# Differences Between Parametric and Nonparametric Algorithms: Which One You Need To Pick

If you are a data scientist, you might have heard about parametric and nonparametric algorithms. But do you really know what the key difference between them and what are popular  algorithms will fall under both these categories ?

If the answer is right, then let’s deep dive to know the hidden truth’s about parametric and nonparametric algorithms.

Let’s begin with assumptions first.

Strong assumptions are made about the underlying distribution of the data by parametric algorithms. They erroneously assume that the data adheres to a particular probability distribution.

Such as the normal distribution, and that the distribution's parameters are either known or can be inferred from the data. ANOVA, logistic regression, and linear regression are a few examples of parametric algorithms.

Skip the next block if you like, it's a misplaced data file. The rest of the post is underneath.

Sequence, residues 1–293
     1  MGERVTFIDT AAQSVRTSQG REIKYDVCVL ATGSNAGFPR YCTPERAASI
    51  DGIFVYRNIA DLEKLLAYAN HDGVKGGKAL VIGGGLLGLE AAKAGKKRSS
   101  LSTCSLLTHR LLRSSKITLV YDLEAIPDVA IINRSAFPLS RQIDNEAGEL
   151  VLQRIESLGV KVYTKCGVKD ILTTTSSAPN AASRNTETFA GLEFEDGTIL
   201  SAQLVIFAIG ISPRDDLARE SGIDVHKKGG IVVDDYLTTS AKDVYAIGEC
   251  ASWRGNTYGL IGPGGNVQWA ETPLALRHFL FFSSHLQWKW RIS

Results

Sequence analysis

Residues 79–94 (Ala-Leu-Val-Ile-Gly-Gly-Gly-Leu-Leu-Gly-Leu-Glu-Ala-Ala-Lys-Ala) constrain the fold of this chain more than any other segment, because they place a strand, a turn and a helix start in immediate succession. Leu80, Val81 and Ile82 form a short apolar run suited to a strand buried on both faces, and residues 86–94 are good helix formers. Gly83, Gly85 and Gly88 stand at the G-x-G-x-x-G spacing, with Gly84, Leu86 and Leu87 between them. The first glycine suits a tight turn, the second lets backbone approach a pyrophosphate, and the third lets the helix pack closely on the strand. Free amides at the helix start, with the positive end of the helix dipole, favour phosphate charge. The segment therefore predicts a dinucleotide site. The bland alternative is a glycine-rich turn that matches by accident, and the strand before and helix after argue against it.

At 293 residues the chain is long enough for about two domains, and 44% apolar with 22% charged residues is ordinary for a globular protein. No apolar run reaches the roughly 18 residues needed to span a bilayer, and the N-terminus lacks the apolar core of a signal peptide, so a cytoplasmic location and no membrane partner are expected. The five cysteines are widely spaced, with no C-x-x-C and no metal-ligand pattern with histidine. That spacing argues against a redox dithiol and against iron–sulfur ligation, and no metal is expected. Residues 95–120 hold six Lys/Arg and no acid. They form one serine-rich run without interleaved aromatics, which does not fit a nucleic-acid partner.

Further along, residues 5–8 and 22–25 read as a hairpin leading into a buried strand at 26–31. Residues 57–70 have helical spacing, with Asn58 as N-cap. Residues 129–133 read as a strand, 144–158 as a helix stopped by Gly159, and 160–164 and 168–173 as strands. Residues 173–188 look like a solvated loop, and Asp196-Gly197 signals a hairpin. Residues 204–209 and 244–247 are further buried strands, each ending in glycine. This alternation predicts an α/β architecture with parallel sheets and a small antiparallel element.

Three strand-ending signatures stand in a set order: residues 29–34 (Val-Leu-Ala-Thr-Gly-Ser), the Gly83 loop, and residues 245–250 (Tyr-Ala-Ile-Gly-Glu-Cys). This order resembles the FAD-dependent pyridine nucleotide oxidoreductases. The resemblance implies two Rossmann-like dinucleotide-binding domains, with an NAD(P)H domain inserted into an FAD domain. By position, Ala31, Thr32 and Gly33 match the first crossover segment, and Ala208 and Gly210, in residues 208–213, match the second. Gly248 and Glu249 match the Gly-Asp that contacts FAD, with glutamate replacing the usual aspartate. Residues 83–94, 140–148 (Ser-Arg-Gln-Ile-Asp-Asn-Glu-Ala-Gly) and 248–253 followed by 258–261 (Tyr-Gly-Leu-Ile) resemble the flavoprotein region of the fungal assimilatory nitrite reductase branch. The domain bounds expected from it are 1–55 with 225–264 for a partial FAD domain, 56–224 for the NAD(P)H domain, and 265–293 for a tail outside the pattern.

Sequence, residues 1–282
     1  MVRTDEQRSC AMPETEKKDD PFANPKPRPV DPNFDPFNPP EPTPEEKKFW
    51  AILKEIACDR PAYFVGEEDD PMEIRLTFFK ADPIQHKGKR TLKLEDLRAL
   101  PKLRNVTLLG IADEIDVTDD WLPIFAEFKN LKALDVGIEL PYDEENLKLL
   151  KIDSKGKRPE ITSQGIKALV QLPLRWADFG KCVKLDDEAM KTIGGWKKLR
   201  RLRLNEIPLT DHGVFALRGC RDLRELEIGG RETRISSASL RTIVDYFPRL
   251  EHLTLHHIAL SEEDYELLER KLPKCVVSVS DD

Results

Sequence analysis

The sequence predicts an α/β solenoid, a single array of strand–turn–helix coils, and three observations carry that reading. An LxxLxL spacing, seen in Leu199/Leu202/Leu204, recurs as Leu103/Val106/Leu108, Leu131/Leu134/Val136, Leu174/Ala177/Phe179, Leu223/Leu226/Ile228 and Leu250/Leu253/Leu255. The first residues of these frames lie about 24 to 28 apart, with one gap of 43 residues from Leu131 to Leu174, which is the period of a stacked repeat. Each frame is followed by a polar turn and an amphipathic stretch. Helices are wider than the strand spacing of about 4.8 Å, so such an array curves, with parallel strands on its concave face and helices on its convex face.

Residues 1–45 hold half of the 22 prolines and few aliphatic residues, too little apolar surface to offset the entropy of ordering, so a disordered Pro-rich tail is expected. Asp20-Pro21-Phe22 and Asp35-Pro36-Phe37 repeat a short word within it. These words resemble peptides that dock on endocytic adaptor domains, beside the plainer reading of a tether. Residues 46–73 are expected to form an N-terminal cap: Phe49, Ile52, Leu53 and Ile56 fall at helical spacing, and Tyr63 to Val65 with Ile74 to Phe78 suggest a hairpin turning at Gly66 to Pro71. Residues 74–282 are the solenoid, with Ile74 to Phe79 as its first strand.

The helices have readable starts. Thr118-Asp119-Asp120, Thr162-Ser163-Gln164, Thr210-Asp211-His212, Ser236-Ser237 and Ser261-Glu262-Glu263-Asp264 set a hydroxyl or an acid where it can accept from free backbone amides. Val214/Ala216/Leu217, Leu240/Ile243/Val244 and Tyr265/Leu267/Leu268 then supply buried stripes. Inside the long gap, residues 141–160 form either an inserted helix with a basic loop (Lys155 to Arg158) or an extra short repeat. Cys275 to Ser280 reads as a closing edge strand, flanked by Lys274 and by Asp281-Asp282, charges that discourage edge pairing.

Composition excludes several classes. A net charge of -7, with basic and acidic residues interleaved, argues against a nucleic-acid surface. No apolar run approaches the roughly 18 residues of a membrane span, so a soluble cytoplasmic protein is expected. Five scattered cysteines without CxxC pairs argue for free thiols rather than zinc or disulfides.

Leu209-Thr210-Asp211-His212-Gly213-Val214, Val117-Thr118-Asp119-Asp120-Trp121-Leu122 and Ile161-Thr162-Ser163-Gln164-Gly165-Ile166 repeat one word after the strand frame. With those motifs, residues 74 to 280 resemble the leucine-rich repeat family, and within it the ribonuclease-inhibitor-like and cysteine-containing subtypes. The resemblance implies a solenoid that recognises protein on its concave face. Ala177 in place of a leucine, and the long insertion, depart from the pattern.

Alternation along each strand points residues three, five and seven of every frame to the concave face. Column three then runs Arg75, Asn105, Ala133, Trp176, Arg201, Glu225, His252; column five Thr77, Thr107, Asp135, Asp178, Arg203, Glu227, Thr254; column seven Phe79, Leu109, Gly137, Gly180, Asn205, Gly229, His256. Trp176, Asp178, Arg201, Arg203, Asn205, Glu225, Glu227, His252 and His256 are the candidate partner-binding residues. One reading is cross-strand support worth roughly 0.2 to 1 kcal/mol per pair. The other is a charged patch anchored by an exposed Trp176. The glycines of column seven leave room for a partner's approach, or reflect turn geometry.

On the other hand, nonparametric algorithms place the least amount of reliance on the data's underlying distribution. Nonparametric algorithms estimate the distribution directly from the data rather than assuming a particular distribution. Few nonparametric algorithm examples are

Differences Between Parametric and Nonparametric Algorithms

The type of data you have, the size of the dataset, the difficulty of the problem, and the desired level of accuracy are just a few of the variables that must be considered when selecting the best algorithm for your data analysis needs.

Generally speaking, parametric algorithms are more suitable when the underlying data distribution is known or can be estimated, and when the dataset is large enough to estimate the distribution's parameters accurately.

Nonparametric algorithms, on the other hand, are more appropriate when the underlying distribution of the data is unknown or cannot be estimated, and when the dataset is small or noisy. Nonparametric algorithms are also more flexible and can handle a wider range of data types and distributions than parametric algorithms.